Despite Webster's writeup (below), these days 'Tetrapod' is usually used to refer to a member of Tetrapoda, a Superclass within the subphylum Vertebrata; it consists of Amphibia, Reptilia, Aves, and Mammalia. It excludes Osteichthyes, Chondrichthyes, Placodermi, and Agnatha.

The most simple way of defining this group is as animals that have four limbs with five digits on the end (although in some cases the limbs/digits appear only in the skeletal structure, for example the flanges in a whale's flipper. And to make things more complicated, snakes are also tetrapods). While other animals may have four limbs, all existing tetrapods have five digits per limb, or have descended from something that did.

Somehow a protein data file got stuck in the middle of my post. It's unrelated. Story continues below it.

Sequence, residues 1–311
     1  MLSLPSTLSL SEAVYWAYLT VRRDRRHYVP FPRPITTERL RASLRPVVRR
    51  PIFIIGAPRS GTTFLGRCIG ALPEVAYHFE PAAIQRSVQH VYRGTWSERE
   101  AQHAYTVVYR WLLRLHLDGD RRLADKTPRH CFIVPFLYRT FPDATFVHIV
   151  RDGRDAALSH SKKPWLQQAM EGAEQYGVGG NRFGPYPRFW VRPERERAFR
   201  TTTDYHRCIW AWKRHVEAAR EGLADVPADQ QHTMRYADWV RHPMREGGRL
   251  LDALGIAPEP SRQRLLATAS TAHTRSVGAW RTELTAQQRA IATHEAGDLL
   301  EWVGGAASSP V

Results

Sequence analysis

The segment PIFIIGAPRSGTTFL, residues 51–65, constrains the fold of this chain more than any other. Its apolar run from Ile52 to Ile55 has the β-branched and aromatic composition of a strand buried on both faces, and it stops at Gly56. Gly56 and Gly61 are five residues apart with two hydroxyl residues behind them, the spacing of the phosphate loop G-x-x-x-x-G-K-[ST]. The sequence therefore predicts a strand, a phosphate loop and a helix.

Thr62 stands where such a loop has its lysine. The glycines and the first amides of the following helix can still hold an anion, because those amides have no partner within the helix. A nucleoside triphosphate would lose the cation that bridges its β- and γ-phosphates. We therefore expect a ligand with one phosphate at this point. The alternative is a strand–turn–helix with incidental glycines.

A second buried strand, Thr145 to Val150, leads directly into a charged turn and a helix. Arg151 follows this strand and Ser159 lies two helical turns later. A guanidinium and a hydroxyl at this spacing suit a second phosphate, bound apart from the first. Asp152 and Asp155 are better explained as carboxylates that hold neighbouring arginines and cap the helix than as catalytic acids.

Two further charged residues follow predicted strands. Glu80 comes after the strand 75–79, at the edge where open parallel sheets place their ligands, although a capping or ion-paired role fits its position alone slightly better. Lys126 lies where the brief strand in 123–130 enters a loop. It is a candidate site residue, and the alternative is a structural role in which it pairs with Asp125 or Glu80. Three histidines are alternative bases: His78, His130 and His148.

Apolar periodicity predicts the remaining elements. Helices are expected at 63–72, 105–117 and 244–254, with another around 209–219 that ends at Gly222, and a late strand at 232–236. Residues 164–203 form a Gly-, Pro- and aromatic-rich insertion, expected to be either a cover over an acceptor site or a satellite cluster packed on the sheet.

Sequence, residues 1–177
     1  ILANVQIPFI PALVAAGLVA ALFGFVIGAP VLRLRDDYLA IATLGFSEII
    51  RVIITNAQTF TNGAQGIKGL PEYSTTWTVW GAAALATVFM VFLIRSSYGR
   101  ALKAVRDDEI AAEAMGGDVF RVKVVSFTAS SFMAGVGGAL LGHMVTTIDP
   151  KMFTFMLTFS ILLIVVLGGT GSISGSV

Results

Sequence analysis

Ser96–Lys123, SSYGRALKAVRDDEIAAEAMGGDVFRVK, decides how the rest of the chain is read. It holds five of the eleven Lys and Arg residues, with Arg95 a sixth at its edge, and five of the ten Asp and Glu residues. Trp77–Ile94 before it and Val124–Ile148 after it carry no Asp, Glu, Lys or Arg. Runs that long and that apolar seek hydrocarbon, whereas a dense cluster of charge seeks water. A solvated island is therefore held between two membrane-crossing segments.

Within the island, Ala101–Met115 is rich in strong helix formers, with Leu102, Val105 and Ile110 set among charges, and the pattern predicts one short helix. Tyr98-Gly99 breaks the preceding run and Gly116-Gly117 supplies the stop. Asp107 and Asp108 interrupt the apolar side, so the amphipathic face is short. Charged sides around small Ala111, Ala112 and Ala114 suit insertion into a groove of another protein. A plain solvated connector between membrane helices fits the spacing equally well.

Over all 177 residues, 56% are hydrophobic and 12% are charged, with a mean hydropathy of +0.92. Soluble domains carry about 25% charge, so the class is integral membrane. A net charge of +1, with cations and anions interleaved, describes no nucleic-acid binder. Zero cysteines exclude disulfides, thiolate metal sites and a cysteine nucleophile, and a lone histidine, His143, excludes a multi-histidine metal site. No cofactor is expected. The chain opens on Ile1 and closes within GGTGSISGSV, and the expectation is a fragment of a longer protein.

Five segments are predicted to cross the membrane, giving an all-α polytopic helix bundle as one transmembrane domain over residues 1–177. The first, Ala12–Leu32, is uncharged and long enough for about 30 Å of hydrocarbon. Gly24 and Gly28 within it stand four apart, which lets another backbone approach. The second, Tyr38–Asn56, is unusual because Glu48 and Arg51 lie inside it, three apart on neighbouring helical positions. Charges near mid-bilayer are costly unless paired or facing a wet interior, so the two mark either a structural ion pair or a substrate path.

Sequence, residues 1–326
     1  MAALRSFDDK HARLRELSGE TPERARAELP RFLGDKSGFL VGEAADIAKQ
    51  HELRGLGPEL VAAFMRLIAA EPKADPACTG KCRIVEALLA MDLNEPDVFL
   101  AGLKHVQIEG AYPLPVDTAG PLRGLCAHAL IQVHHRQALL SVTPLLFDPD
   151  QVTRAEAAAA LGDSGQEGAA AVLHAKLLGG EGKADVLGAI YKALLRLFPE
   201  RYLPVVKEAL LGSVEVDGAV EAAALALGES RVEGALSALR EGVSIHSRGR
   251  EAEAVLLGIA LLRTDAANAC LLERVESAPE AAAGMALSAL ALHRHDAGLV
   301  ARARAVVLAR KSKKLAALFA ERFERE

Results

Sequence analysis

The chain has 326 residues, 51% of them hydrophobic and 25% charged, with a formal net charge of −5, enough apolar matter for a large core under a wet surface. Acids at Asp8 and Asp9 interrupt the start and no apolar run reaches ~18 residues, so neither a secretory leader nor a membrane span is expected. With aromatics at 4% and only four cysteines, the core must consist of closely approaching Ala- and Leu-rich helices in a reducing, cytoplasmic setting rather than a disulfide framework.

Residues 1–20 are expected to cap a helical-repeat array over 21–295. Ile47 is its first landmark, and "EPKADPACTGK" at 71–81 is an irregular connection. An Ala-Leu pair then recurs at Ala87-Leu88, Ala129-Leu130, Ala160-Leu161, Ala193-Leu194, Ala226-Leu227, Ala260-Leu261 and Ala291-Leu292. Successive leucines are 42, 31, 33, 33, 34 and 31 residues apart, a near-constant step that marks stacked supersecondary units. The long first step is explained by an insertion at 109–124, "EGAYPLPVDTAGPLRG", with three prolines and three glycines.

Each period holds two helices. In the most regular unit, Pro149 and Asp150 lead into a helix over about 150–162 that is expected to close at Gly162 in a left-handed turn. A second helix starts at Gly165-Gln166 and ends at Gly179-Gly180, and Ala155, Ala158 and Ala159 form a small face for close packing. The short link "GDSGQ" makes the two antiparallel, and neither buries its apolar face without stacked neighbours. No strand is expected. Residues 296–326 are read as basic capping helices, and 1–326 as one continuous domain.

The related term quadruped refers specifically to animals that walk on for legs, and would exclude dolphins and humans, despite their being tetrapods.

Tet"ra*pod (?), n. [Gr. fourfooted; (see Tetra-) + , , foot.] Zool.

An insect characterized by having but four perfect legs, as certain of the butterflies.


© Webster 1913.

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